If you want to learn about a company's adoption of cloud computing, don't ask the CIO. He might be the last to know.
That's why surveys of CIOs tend to show meaningfully lower cloud adoption than similar surveys of developers, according to Geva Perry, an industry veteran and author of Thinking Out Cloud. Perry was one of the keynoters this week at the Cloud Connect conference at the Santa Clara Convention Center.
"The way adoption of cloud computing has worked is that it happens from the bottom up," said Perry. "With Amazon, it was a developer-driven adoption. Amazon understood this, and built its service so it was optimized for developers."
A similar phenomenon was seen with Salesforce.com, as the early adopters were sales teams frustrated with enterprise offerings for customer relationship management (CRM), rather than IT executives.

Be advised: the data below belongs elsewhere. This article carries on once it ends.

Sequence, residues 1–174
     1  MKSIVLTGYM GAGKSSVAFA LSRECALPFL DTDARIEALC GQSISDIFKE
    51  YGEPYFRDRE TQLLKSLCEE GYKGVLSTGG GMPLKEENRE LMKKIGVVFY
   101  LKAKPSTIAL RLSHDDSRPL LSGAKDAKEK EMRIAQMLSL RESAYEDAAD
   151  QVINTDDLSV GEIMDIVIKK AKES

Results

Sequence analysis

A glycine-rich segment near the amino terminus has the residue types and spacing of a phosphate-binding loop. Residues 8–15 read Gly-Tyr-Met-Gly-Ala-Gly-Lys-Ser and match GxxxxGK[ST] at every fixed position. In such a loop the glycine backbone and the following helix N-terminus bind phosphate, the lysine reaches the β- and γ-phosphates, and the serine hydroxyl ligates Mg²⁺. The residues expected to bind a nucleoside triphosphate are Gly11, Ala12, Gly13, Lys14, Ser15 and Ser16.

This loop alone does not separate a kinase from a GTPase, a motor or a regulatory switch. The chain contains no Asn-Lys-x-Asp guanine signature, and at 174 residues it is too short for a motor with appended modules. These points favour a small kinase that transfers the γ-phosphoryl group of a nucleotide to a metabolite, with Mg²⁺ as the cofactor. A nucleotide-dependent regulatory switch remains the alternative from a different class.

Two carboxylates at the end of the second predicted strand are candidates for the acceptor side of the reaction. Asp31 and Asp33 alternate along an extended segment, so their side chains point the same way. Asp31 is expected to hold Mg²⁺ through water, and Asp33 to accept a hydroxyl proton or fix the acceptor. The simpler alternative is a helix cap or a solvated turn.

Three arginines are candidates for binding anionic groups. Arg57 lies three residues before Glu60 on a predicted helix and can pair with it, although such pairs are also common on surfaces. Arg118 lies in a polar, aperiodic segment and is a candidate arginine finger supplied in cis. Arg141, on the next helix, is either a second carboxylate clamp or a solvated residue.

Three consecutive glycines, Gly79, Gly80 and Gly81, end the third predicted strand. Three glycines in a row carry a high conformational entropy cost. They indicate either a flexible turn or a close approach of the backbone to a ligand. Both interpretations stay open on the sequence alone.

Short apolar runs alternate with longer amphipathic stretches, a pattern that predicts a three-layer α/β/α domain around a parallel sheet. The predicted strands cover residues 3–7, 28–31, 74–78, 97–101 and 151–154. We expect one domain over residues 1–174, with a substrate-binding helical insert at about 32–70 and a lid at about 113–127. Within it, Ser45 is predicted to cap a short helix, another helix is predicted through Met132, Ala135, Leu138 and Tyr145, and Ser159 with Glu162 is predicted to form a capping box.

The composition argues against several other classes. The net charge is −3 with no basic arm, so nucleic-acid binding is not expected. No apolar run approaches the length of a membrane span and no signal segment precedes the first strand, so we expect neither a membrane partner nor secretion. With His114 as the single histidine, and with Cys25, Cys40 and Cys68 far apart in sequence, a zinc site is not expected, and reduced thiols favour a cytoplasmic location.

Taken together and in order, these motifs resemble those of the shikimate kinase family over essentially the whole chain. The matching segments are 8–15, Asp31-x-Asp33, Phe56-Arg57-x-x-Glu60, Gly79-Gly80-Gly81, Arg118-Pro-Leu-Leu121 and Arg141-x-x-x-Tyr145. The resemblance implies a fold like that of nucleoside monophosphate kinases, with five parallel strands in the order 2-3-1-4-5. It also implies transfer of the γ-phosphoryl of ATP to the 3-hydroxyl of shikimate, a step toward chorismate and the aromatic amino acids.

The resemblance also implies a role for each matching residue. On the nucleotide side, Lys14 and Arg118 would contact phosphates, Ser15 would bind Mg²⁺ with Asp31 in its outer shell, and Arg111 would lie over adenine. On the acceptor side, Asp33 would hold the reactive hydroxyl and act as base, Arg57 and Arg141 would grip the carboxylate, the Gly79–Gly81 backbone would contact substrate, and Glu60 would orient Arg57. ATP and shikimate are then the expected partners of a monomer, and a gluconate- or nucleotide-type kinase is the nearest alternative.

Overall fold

"This pattern isn't new," said Perry. "We have seen this before in open source software. The developers are the ones making the decision, whether management knows it or not."
The emergence of Amazon Web Services and instant provisioning of IT capacity with only a credit card has been a game changer for developers. It's part of the larger "consumerization" of enterprise IT, as employees uses to innovative mobile devices and web applications grow frustrated with the software they use at work.
"Why does the software we use in the enterprise suck so much compared to the software you use at home?" Perry asked. "To the enterprise, my advice is this: don't fight it. Find ways to make it work for your people."